Let’s not copy/paste from the Scrivener website, as 1) we don’t wish to copy others’ work and 2) you can read it, yourself. Instead, here’s a list of features important to my process.
- Main Editor – A flowing text editor that autosaves every 3 seconds, can screen split to other documents, can open a third popup window, enjoys a full-screen editor function, zoomable text layout and more
- Keywording & Smart Folder – Using the extensive keywording tool, I tag people, places, things and themes in every single scene so I can go back isolate stories-by-keyword. ie See ONLY Tinker Belle’s story or ONLY the scenes where the Dogwood Sword appears. It helps greatly in checking flow, continuity, etc.
- Custom Fields – I can create custom metadata fields that apply to all scenes that really give me the ability to isolate and breakdown my data. I want an EMOTIONAL THEME column where I log the intended softer parts of an important story to ensure proper character development, etc. Or I want a Story Date column to track when scenes occur.
- Outline View – View blocks of scenes like they were in an Excel document. All those custom fields mentioned above can be laid out for easy reference and comparison. I can click+drag those scenes around if I need to reorganize them and mass-change the metadata.
- Compile – No matter how I formatted my book while drafting, imported content from other sources with different font styles and spacing, if I loaded tons of side docs into the manuscript or simply love writing in Comic Sans, I can export to a professional, universally applied formatting design instantly to Kindle, eBook, Final Draft, Word, PDF and more. I can even save certain Compile styles for different types of exports that it remembers each time I switch.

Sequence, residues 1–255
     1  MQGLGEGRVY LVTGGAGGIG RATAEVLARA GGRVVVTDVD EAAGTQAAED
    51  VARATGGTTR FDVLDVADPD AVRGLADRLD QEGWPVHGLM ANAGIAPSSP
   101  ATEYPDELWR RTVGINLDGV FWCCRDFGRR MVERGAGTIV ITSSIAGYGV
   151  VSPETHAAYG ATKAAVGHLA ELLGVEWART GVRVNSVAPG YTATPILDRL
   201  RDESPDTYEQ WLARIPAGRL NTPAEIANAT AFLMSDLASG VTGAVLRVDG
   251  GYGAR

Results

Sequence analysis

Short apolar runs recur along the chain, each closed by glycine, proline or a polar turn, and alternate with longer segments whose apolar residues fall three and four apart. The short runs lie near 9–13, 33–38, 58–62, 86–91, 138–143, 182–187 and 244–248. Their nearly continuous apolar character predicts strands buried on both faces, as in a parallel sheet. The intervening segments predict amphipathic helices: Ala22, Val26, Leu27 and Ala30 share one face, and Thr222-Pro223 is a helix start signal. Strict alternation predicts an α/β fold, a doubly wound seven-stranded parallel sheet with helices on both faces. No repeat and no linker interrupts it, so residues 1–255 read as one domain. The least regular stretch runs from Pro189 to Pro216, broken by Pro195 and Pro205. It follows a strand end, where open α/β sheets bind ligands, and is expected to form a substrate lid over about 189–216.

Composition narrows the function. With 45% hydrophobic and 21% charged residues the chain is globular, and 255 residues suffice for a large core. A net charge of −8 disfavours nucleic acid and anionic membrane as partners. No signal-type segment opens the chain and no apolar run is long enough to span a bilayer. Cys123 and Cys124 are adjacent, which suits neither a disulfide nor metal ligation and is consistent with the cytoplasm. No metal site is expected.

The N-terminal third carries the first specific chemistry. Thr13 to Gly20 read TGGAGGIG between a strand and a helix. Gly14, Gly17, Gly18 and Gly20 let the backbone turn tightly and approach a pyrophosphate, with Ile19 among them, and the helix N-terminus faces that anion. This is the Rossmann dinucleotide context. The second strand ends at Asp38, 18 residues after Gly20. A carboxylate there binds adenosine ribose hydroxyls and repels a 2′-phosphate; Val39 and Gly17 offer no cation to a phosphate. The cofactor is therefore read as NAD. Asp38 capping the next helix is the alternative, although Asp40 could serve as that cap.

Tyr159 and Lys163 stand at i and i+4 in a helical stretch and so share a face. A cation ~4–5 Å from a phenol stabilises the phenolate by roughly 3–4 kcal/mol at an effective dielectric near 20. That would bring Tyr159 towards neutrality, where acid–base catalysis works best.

- Click+Drag Import – Though I haven’t needed to import new content in a long time, if you already have long manuscripts and support documents, it’s as easy as click+dragging those documents into your software.
- Easy File Cut & Merge – I sometimes import Gutenberg books into a Scrivener files for analysis. When I copy paste large blocks of text, the ability to “Cut Here to Create a New File” makes cutting up chapters insanely easy. Using the keyboard shortcuts, I can separate at chapter headings, or if I have two files that ought to be one, I can highlight, right-click and turn them into one file.
- Snapshots – When I’m about to make major changes to a scene, I create a snapshot that saves it exactly as it is like MS Word document versioning. I can review or restore previous versions of a scene. I’ve referenced them many times when I’ve accidentally edited out important details I later needed to reference.
- Document Bookmarks – I can click+drag a document into the “Document Bookmark” section of another document. If I want to reference another scene, character sheet or reference, I can bookmark the documents together so I don’t have to sift through my entire file hierarchy each time.
- One Place for Everything – I have a DRAFT, ENCYCLOPEDIA, and PLANNING tiered folders I use to plan everything, across multiple books and series. The character sheet I create for Wendy Darling can be rereferenced in countless other locations without the need to duplicate. This ensures the histiography of continuity. Changes made for one serve all!
I recognize there are a number of features I haven’t even really used to their fullest. I don’t go through it often, but once in awhile I’ll go through the walkthrough and learn something new. The new user walkthrough honestly has one of the best intro systems I’ve ever seen in a software; everything you build in each step directly preps for the next step, which improves learning. Last I checked, Scrivener comes with a free trial. Download it and go through the walkthrough, yourself.
You won’t regret it!
FULL DISCLAIMER: I receive an affiliate portion every time someone uses the button below. However, I’ve been evangelizing Scrivener for more than a decade for free. I love Scrivener.